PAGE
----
We can only touch on the question of space, which Aquinas, in common with other Schoolmen, considers at great length — not only the internal space proper to each body and which he identifies with its material enclosure, but space as a whole, the result of the juxtaposition of all existing bodies. This space is obviously a function of the material things which actually exist. The ‘multitude’ of such beings might be without limit, for there is no contradiction in supposing an indefinite multitude of material things each occupying an internal space finite in extent. Space as a whole, therefore, being the sum of these individual spaces, might be indefinite.

In the opinion of Thomas, time is really the same as the continuous movement or change in which all real beings are involved. But there is, by a mere mental activity, a breaking up, a numbering of this continuous movement into distinct parts, which in consequence necessarily appear to be successive. Tempus ets numerus motus secundum prius et posterious [4] is the pregnant definition which Thomas borrows from Aristotle. Time is the measure of the (continuous) change, which the mind views as a succession of parts. The present and fleeting state of a changing being is alone real and existing. In the supposition of a motionless world which we made above, the present time would be a cross section of the universe, in its actual state, viewed in relation to the past and to the future. Now, since the multiplicity of beings is not necessarily limited, we may, by a process similar to our reasoning on space, conclude that time, the measure of changes which have really taken place or will take place in the future, may also be without limit in either direction [5].

E. Relations

Passing over the passive, intransitive state (for instance, the state of being sad) which the Schoolmen regarded as a reality distinct from the subject which it affects, there remains the last of the categories, namely, relation. By means of this, the millions of beings which make up the universe, were, at the moment when we have supposed them to be arrested in their course, all bound up in a close network. By virtue of relations some things are for other things, or stand in a particular way towards other things (ad alterum). For instance, it is in virtue of a relation that several men are greater or smaller than others, stronger or weaker, more virtuous or vicious, jealous of others, well or badly governed, etc. Is the relation ‘greater than’ distinct from the size or quantity of the thing in question, the quantity being obviously the foundation of the relation? Thomas replies in the negative, and he would not have allowed that these relations have a separate reality of their own. My being greater or smaller than some particular Black African is not a new reality added to my figure or to my absolute size; otherwise, while retaining continuously the same figure, I should be constantly acquiring or losing realities, every time that Black Africans increased or diminished their size, which is evidently ridiculous.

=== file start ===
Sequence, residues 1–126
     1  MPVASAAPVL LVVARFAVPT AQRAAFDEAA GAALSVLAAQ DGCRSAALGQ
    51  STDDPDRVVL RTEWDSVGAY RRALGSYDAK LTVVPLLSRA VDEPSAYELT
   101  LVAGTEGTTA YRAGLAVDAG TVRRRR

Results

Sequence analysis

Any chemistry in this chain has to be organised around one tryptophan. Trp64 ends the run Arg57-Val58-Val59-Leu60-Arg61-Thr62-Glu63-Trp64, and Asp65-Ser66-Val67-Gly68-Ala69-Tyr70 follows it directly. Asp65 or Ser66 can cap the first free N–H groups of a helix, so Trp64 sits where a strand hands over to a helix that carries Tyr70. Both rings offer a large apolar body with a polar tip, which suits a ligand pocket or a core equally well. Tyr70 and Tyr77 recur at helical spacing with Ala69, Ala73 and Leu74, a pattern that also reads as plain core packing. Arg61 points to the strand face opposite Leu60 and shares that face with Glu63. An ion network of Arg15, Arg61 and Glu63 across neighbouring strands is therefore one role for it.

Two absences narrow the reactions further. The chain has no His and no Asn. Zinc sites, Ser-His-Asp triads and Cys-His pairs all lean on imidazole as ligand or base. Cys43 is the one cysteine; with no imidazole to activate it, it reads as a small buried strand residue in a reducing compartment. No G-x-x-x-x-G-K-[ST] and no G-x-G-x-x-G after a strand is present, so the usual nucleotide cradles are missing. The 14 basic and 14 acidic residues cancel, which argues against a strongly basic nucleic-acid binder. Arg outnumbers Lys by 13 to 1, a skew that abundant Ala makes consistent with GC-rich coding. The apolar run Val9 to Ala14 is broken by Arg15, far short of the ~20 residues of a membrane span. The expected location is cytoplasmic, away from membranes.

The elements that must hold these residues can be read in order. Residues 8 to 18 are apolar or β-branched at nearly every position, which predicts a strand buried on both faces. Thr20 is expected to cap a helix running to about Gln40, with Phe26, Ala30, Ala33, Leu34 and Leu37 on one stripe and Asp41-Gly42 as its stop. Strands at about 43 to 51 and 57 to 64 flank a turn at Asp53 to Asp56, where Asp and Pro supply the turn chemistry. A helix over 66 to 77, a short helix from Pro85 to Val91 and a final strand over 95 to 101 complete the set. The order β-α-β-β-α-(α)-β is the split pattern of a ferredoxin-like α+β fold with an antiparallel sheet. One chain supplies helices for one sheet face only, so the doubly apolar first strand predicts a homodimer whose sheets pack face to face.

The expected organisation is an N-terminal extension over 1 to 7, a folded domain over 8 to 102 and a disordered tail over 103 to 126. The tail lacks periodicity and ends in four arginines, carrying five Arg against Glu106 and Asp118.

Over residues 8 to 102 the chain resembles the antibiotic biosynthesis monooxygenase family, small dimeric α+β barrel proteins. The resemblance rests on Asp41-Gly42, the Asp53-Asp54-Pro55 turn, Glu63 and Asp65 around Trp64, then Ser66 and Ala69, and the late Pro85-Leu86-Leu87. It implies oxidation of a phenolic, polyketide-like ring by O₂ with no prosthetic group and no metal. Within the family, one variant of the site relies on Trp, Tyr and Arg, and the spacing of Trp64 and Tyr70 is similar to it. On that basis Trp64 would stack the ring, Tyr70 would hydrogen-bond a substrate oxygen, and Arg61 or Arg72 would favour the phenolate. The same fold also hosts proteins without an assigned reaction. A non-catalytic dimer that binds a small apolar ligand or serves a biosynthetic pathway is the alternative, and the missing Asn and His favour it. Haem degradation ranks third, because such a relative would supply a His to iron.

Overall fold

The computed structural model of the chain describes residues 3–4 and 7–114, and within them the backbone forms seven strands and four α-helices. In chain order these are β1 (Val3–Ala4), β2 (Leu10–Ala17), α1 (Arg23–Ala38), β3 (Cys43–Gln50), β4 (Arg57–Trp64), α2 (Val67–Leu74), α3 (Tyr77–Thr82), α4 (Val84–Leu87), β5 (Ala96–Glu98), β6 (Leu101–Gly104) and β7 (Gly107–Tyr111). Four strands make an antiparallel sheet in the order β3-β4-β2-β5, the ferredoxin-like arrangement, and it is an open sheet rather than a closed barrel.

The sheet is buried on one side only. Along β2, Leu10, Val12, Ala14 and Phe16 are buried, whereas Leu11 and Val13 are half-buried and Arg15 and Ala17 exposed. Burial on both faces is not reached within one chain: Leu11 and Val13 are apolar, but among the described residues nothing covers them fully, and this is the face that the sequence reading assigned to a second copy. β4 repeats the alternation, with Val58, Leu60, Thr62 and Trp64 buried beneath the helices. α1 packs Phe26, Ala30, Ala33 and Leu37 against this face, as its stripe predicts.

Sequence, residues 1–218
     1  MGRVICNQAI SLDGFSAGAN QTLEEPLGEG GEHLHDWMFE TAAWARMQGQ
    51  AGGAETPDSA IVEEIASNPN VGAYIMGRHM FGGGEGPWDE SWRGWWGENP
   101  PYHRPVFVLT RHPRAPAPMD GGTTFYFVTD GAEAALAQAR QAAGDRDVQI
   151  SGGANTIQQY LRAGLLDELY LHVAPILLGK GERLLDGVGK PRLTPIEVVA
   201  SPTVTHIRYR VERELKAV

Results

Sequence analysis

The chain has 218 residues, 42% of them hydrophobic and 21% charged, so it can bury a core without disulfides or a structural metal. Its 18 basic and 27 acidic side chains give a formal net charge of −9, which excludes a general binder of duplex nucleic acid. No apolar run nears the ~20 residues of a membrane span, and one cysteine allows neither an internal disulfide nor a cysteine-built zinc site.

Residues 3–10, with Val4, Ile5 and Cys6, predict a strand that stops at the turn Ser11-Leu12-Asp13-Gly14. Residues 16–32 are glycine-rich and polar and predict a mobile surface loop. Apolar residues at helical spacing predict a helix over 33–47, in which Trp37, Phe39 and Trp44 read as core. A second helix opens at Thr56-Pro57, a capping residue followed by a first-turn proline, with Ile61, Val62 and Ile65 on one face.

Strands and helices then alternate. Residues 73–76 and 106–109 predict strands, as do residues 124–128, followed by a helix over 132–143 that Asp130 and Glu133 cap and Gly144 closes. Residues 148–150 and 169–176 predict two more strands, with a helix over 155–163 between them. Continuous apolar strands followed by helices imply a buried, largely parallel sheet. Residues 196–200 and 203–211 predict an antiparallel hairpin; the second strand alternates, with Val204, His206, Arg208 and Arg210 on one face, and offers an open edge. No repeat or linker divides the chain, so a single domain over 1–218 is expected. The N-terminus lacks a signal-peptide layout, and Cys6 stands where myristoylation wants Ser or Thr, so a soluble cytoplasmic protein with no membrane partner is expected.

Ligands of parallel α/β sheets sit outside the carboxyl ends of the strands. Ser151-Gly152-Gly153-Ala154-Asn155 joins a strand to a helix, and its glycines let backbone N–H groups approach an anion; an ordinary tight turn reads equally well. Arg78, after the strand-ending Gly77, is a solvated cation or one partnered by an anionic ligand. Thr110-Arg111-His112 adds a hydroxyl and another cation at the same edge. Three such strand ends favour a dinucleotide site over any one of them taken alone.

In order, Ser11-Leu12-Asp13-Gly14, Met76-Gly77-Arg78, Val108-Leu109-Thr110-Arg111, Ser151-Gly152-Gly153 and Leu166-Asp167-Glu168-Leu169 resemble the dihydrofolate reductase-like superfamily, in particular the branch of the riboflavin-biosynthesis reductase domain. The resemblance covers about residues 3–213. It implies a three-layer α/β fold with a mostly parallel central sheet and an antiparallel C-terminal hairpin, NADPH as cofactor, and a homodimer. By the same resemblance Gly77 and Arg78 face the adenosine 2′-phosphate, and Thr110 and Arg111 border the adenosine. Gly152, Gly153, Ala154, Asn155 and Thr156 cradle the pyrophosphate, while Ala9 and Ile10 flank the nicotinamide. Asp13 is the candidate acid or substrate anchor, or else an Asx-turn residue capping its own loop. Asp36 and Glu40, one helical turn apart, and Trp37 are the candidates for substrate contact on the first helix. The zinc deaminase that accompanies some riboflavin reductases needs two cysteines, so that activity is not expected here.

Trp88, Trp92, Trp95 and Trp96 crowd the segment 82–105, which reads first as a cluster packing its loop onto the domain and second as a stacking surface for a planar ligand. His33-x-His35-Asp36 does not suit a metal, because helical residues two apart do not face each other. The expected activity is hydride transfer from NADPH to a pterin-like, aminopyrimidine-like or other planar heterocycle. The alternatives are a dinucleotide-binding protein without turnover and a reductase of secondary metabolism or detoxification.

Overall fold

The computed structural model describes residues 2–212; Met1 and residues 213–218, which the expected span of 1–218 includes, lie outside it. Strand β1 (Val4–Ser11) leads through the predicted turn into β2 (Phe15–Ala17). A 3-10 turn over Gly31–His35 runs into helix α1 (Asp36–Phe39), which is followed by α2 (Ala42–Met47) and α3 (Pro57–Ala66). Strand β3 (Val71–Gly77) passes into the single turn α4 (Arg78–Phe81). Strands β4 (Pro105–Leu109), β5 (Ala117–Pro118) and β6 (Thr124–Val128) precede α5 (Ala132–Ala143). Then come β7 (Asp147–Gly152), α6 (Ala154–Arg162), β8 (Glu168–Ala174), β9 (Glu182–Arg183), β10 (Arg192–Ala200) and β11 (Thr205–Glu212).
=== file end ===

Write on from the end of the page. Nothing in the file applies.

Let us continue the investigation of our dead universe. For there are two other static aspects of the ensemble of things: their hierarchical arrangement and multiplicity on the hand, and certain attributes known as the ‘transcendentals’ on the other.

F. Grades of reality and multiplicity in each grade

Although each material thing is itself, it is easy to see that there are many men all belonging to the same kind, in that these individuals possess a substantial perfection which is similar. On the other hand, being ‘man’ and being an ‘oak’ belong to different grades of reality.

The explanation is that every material substance has within itself a specific principle (we shall call it later substantial form), and the specific principle of the oak is altogether different from that of man, that of oxygen from that of hydrogen, and so on. The universe of the Schoolmen is hierarchically arranged or graded, not merely by quantitative differences (mechanistic theory) but according to their internal perfection (dynamism). A consequence of this is that the substantial perfection of man or oak tree does not admit of degrees [6]. One is either a man or one is not: we cannot be things by halves. Essentia (id est substantia) non suscipit plus vel minus. — Essence or substance does not admit of more or less. The substance of man is the same in kind in all men. From this there will follow certain important social consequences which we shall take up later.

On the other hand, we see in one and the same substantial order of reality an indefinite number of distinct individuals. Whether we consider the past or the future, there are millions of oak trees, millions of men. Are individuals belonging to the same species just doubles or copies of each other? Have different men or different oak trees exactly the same value as realities? No. Although their substantial perfections are the same in nature and value, their accidents differ, and especially their qualities, quantity, and actions. Men or oak trees are born with different natural aptitudes, and their powers of action differ in intensity. Even two atoms of hydrogen (supposing the atom to be the chemical unit) occupy different places and have different surroundings, which is sufficient to differentiate them. Equality of substance, and inequality of accidents is the law which governs the distinction of individuals possessing the same grade of being so far as substantial perfections are concerned. We shall see that the existence of men together in society is simply an application of this principle.